Now, we get into church doctrine. The LDS church preaches self-reliance, emergency preparation, and investing in yourself. So let's say a massive global downturn strikes. What will the church do? Sell off assets. Those investments are their 72-hour preparedness kit, except on a mammoth scale. They could argue that they are simply doing for the church as a whole what they are preaching to their membership that they should do, long-term saving to prepare for economic hardships or disasters.
 
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While I'm sympathetic to the idea that this is abuse, I do wonder what objective test you would apply to any institution that would allow them to prove that they were a church.
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jonb wrote:
Interesting follow up read which seems to state that previous cases judged by the courts have held that "church" status is usually tied to a physical congregation, which the above organization cited does not seem to have.

http://www.irs.gov/pub/irs-tege/eotopica94.pdf


I'll bet that they have one of those somewhere. An "in studio audience" attending such services would probably qualify, wouldn't you say?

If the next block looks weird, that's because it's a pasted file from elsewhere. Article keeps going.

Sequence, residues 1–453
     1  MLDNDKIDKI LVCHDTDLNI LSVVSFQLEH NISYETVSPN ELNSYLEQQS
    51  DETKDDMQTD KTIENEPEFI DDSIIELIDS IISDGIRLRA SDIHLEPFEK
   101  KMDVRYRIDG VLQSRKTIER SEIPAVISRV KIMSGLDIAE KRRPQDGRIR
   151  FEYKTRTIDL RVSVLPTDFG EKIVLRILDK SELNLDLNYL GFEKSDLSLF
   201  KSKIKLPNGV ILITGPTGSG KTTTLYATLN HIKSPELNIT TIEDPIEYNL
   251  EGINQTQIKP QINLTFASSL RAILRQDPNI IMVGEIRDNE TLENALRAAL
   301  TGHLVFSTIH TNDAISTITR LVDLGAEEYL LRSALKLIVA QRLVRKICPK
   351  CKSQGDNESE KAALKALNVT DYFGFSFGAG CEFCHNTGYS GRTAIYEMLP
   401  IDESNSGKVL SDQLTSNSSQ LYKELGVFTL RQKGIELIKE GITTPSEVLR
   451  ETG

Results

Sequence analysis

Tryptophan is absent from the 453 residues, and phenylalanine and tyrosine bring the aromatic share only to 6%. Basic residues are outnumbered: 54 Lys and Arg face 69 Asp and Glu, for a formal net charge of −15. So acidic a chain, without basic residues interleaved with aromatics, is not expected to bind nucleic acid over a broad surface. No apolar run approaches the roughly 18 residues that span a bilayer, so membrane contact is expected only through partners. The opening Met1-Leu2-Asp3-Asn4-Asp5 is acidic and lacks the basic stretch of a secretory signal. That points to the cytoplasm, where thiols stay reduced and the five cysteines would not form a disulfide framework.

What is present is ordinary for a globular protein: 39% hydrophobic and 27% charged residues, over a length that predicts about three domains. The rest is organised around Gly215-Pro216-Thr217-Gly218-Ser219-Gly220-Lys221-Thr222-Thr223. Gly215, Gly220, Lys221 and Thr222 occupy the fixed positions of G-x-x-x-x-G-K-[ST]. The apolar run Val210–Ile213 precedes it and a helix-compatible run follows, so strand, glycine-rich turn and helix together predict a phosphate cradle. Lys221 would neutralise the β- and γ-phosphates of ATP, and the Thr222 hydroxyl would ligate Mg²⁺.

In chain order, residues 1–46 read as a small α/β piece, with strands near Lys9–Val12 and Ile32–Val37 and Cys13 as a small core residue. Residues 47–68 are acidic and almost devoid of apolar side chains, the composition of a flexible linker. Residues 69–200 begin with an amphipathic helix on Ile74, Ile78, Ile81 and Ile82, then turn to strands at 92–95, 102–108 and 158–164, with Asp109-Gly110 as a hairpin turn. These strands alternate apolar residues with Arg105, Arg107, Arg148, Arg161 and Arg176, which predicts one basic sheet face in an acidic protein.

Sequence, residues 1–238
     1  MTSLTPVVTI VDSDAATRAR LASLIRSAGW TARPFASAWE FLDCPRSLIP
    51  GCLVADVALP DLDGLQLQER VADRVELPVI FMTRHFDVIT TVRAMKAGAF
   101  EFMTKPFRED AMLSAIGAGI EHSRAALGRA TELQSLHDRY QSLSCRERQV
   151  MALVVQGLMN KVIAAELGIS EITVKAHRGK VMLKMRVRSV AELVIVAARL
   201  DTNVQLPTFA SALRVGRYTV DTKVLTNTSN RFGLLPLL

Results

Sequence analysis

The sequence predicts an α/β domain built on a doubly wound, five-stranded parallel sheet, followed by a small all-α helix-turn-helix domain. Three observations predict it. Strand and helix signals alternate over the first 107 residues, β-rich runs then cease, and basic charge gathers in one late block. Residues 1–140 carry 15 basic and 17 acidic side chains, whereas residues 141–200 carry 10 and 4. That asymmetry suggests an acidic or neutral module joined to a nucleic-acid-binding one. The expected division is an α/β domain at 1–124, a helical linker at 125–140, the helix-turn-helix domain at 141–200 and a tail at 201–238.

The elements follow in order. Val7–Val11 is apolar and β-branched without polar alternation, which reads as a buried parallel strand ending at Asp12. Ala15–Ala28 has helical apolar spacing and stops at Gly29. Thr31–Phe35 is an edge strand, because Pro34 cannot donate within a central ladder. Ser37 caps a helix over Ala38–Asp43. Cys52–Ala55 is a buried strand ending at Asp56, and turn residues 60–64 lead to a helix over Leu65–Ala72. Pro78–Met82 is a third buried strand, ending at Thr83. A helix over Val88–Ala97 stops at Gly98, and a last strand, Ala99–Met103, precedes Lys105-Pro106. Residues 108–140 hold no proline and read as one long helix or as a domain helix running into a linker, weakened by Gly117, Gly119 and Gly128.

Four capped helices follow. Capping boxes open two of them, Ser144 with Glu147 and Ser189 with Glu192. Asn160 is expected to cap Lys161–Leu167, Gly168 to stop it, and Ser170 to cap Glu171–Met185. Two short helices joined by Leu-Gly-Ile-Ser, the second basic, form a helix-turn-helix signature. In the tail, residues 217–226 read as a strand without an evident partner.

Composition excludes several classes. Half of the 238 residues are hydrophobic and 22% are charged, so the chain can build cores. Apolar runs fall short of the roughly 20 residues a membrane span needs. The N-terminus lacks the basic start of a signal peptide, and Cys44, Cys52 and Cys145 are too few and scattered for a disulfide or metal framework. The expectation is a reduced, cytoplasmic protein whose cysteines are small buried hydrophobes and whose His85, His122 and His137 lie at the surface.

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Jon Badolato
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perfalbion wrote:
While I'm sympathetic to the idea that this is abuse, I do wonder what objective test you would apply to any institution that would allow them to prove that they were a church.


Agreed, which makes these types of cases difficult.
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Michael Tagge
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jonb wrote:
Personally though, I am of the opinion that although churches are allowed tax exemptions, I believe their financial assets and records should be transparent to an entity like the IRS to determine where exactly they are exempt, and where not.
I like it. What is wrong with this idea? I would even extend it to the membership. I am not aware of any reason why finances of religious institutions should be opaque. And who better to judge if donations are being used properly that those who donate.